Guest blogger Produced by

This is a guest blog by Daniel Fry, BSc (Hons) Adult Nursing student.

Financial implications: Having had in excess of 10 years’ experience working in an acute hospital I assumed that I was ready to take on the challenge of completing my training. When actually starting the adult nursing degree in 2017 we were the first intake to be self-funding, being a mature student with financial commitments, this was a daunting prospect. Luckily with the student finance and bursary from Bournemouth University most fears were put to rest. There is scope to work at local trusts in between lectures and at weekends, with that in mind it is important to have a good balance so that pre and post seminar reading can be done, of which there is quite a bit, to ensure that you do not fall behind academically. When trying to balance my financial situation I did find that during placements I am limited to what paid work I can do because we are already working 37.5 hours a week and legally we as student nurses can’t exceed 48 hours in one week. It is important for us as students to be more financially aware and plan for the times when we are unable to undertake paid work. There are opportunities within Bournemouth University to undertake paid work as a student ambassador or peer assisted learner (PAL) which broadens your knowledge of the whole university experience and is also something that looks good on your CV when applying for future jobs as it builds on your leadership skills.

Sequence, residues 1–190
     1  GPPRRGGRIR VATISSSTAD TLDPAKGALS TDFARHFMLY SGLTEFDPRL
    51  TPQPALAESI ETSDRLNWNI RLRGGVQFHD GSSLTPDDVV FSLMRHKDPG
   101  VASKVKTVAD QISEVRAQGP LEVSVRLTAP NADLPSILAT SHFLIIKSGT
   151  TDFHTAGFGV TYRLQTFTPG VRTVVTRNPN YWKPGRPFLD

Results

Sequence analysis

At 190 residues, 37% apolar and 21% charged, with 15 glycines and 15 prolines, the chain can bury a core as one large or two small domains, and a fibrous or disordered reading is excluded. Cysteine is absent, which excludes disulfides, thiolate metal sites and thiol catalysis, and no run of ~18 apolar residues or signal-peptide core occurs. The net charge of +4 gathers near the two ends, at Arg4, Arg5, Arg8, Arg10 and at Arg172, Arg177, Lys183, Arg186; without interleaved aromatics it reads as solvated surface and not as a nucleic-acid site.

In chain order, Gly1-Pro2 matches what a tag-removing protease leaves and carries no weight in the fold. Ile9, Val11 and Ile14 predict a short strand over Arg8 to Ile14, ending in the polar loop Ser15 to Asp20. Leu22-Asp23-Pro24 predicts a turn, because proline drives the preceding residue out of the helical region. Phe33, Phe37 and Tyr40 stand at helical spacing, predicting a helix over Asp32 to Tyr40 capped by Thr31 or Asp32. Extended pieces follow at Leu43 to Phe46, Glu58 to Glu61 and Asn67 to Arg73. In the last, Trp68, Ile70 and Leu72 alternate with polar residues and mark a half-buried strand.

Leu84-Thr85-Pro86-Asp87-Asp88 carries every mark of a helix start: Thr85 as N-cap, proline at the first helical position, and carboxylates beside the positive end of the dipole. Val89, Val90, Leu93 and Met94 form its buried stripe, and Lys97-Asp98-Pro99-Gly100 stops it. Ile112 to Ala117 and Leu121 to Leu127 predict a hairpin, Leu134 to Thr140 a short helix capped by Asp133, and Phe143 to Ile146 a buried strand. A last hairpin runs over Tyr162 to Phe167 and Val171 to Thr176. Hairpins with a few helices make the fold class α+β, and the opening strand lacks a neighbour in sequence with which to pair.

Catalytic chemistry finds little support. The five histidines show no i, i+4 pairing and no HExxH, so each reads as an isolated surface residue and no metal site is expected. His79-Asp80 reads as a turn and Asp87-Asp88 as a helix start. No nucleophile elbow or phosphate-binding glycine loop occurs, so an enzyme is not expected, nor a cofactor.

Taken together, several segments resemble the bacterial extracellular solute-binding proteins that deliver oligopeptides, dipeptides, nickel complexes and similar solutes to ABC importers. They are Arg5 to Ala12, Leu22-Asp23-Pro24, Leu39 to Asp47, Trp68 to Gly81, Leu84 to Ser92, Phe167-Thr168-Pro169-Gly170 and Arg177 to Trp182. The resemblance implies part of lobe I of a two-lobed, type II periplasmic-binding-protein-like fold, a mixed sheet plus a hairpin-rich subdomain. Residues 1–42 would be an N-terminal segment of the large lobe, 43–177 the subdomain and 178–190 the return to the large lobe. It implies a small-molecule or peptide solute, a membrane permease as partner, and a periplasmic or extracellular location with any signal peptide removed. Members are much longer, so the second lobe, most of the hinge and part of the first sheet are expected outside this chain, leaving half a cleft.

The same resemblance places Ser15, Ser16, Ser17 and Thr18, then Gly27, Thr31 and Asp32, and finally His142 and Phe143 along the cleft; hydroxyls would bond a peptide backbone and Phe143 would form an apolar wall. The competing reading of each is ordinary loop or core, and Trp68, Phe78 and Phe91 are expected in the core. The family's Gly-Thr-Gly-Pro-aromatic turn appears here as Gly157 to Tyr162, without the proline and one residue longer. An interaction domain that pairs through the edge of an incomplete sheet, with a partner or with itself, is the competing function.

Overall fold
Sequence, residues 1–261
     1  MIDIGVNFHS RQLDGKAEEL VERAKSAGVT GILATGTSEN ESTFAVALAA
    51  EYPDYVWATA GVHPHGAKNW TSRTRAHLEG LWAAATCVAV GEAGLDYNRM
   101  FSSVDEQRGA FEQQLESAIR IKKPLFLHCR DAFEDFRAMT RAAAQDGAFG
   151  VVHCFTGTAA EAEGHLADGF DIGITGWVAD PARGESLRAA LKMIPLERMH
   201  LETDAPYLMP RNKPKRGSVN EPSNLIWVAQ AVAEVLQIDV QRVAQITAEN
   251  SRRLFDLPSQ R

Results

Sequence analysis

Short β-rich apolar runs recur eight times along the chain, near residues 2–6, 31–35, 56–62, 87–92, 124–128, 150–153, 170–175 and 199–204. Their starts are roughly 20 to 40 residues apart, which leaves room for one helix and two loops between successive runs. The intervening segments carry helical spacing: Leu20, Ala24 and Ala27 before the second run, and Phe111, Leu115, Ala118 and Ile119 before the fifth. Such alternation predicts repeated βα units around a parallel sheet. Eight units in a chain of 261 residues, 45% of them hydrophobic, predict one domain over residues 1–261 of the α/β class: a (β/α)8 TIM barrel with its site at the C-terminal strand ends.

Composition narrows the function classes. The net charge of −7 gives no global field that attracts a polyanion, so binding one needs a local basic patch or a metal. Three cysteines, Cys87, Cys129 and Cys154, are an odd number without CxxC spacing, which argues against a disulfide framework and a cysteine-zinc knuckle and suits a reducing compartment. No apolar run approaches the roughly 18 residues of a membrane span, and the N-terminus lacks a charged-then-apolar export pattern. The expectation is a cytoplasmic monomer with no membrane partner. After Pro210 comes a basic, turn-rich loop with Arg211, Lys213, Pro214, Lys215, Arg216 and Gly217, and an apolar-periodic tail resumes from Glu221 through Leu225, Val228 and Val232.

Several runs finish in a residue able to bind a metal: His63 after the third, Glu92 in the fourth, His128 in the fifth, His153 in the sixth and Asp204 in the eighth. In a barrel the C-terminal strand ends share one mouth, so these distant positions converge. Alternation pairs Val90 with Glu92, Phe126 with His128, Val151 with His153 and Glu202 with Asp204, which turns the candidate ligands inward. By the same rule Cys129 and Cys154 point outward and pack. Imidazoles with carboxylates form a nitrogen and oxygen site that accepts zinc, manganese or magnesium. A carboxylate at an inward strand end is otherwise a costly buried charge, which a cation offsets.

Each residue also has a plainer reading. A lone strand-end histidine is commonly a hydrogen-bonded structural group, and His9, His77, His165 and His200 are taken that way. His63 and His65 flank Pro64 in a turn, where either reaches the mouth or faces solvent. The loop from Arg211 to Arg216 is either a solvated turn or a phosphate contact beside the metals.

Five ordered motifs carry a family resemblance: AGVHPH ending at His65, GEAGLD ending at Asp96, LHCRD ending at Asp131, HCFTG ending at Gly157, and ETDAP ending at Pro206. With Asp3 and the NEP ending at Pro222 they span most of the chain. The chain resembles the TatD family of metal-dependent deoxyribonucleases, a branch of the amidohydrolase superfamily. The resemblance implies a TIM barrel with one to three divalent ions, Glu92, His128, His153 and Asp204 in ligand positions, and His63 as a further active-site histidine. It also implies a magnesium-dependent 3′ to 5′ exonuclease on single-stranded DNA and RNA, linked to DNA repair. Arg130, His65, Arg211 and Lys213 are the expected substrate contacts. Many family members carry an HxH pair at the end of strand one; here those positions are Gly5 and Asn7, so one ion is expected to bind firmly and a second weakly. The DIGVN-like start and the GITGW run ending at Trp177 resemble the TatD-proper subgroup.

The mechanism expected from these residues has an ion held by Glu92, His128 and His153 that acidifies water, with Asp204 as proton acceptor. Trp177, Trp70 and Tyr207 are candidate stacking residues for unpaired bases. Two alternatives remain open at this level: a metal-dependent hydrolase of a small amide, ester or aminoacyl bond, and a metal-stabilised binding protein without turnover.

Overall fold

Year 2 blues: Many aspiring students have heard from newly qualified nurses and existing students about the second year being the most challenging of the 3 year course. The jump from first year to second year is significant but an essential step in becoming a qualified nurse. Having now completed the second year myself, I can confirm that it is an academic challenge but is designed to expand your clinical and theoretical knowledge exponentially.  The written exam on acute and chronic conditions is the unit that people find daunting and considering the amount of information that needs to be revised it does require 100% engagement. From my own perspective I actually found this unit to be one of the most exciting to do because I was learning the science of a variety of conditions that I will come across in my nursing career. The key to passing this unit for me was attending every seminar, having peer support and group revision sessions, perspectives of others help to rationalise and clarify information in your own mind, over a period of weeks/months prior to the exam date. The placements that I have had through year 2 have been my opportunity to put the knowledge from the acute and chronic conditions unit in to practice which really does boost your confidence as a student nurse. Year 2 is a challenge but very rewarding when you get to the end of it and I feel that the information I have learnt has shaped my clinical knowledge and made me more confident and prepared for the third and final year.


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